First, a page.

Micaiah's prophecy is not to be understood in a lite. ral sense. The beginning of it is certainly ironical : “Go, and prosper, &c." (as much as to say, if you will suffer yourself to be deluded, you must take the consequences, for God will not restrain you by arbitrary means; and Ahab understood it so.) What followed were undoubtedly the words of Divine inspiration, and contained the prophet's commission from the Lord to foretel Ahab's death: “ I saw all Israel scattered upon the hills,&c." the remainder appears to have been a kind of parable spoken by the prophet, for the admonition of Ahab and his people, for we must not suppose that he had an actual view of the ALMIGHTY on the throne of heaven. . But in respect to such difficult pas. sages as these, we can go no farther than conjecture, which should always be formed on some clear texts of Scripture. Now it may be proved *, from many places in the Bible, that God hates liars, and has declared he will eut them off; and that he has also commanded, that all false prophets should be put to death; so we may venture to conclude, that Micaiah, knowing by Divine inspiration that the LORD would make these lying priests instruments of punishment to Ahab for refusing to hear his servants, only endeavoured to give force to his exhortation by this familiar representation ; which seems to have been suited to the conceptions which Ahab and his people entertained of the SUPREME BEING.
It is not necessary for us to puzzle ourselves with attempting a farther explication of Micaiah's prophecy, as no christian will infer from it that the Lord caused these prophets to tell lies, and then justified them in it: neither could the Israelites have imagined so, if they had properly considered the ways of the LORD, whose justice was remarkably displayed even in the present instance, Had Ahab lent a willing ear to the Divine warning, he would not have gone on an expedition that was likely to prove fatal to him; as he despised it, the Lord left him to the consequences of his presumption and impiety.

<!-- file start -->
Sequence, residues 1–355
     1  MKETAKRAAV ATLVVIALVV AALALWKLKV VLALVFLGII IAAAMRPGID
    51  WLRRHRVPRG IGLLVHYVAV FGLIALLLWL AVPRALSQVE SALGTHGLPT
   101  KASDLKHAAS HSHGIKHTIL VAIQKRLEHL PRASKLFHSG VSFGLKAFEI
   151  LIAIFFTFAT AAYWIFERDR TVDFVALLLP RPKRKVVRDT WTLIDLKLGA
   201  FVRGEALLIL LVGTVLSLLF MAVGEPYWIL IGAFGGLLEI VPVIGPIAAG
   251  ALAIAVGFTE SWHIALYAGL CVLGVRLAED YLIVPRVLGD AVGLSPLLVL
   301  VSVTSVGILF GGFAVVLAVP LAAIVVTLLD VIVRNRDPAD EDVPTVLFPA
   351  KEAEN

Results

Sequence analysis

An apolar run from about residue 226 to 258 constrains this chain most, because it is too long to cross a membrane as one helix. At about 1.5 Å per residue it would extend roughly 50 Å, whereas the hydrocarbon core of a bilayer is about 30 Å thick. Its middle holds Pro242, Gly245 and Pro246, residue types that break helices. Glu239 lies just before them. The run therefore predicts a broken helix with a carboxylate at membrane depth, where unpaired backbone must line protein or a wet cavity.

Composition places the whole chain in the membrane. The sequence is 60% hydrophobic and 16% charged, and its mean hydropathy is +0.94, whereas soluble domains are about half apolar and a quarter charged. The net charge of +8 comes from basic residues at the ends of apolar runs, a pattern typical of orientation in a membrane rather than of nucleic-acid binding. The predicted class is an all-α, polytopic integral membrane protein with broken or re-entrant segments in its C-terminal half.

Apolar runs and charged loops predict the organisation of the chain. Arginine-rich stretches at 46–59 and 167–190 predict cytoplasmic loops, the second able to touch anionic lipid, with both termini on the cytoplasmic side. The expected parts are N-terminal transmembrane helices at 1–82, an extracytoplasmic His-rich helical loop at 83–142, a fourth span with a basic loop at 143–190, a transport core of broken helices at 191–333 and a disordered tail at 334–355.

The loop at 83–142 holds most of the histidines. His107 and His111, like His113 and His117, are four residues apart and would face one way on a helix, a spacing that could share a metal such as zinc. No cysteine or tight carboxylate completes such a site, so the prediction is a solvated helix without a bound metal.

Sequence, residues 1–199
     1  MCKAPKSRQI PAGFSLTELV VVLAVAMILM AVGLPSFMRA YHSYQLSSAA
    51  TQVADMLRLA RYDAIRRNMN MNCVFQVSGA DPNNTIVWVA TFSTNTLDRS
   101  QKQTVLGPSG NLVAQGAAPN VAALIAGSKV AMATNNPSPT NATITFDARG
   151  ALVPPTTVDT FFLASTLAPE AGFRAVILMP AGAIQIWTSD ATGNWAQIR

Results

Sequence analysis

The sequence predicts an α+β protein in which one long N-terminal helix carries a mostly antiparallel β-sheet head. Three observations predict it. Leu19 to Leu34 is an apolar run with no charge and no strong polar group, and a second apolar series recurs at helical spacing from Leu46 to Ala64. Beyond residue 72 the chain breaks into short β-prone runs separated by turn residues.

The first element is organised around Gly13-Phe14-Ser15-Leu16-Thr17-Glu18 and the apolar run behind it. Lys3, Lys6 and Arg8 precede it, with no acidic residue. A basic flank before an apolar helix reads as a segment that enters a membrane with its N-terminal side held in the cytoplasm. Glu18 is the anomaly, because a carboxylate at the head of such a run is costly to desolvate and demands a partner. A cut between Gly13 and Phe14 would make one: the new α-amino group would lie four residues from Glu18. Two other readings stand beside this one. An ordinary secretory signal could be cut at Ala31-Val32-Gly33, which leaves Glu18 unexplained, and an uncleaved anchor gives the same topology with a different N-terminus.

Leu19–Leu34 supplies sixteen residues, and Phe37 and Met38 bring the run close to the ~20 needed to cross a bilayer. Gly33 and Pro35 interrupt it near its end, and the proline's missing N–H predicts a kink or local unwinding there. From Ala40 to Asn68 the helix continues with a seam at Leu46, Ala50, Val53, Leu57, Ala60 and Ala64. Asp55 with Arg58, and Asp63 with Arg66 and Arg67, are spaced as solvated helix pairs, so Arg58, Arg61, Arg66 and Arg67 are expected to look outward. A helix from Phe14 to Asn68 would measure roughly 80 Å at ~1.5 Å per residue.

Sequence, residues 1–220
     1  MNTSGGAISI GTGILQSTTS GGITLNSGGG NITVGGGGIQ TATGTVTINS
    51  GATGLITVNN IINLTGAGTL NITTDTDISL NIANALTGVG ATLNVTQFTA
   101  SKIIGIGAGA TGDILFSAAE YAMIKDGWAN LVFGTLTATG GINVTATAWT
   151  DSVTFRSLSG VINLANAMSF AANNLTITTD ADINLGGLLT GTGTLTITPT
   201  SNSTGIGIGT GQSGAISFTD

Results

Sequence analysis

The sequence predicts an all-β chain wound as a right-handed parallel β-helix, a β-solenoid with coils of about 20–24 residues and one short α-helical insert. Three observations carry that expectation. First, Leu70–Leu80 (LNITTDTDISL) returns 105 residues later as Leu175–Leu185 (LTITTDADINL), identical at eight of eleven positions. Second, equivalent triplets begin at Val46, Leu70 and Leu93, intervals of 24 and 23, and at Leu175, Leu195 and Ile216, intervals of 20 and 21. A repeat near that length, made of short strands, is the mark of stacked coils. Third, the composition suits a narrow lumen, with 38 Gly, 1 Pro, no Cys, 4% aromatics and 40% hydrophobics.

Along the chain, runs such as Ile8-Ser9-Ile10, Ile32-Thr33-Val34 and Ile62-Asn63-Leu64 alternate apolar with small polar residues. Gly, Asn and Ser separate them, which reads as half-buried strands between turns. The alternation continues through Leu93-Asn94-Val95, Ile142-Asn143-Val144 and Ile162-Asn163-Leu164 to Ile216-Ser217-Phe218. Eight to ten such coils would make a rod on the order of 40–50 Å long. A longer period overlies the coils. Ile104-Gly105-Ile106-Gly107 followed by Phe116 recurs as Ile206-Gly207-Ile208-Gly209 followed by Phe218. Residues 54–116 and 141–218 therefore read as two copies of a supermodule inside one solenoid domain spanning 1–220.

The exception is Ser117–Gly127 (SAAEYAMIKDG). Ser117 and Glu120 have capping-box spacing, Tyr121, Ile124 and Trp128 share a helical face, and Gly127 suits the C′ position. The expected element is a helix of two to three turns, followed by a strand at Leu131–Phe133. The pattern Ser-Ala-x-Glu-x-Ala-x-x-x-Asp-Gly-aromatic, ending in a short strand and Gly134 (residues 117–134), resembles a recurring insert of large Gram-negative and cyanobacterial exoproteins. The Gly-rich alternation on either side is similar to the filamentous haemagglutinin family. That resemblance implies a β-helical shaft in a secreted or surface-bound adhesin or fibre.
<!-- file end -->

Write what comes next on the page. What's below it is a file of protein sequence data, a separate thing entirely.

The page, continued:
It is rather surprising that Jehoshaphat should go with Ahab, notwithstanding Micaiah's predictions ; perhaps he might think it right to keep his engagement, as the prophet had not forbidden him, and Ahab's fall only was predicted. Ahab seems to have gone into the field of battle with great apprehensions, and he strove to avoid his fate by disguising his person. Jehoshaphat's too easy compliance would in all proba. bility have cost him his life, had he not in the instant of danger cried unto the Lord for help; who knowing the good disposition of his heart, pardoned his errors and protected him from the destroying sword.
Micaiah's prophecy was now in a great measure fulfilled; for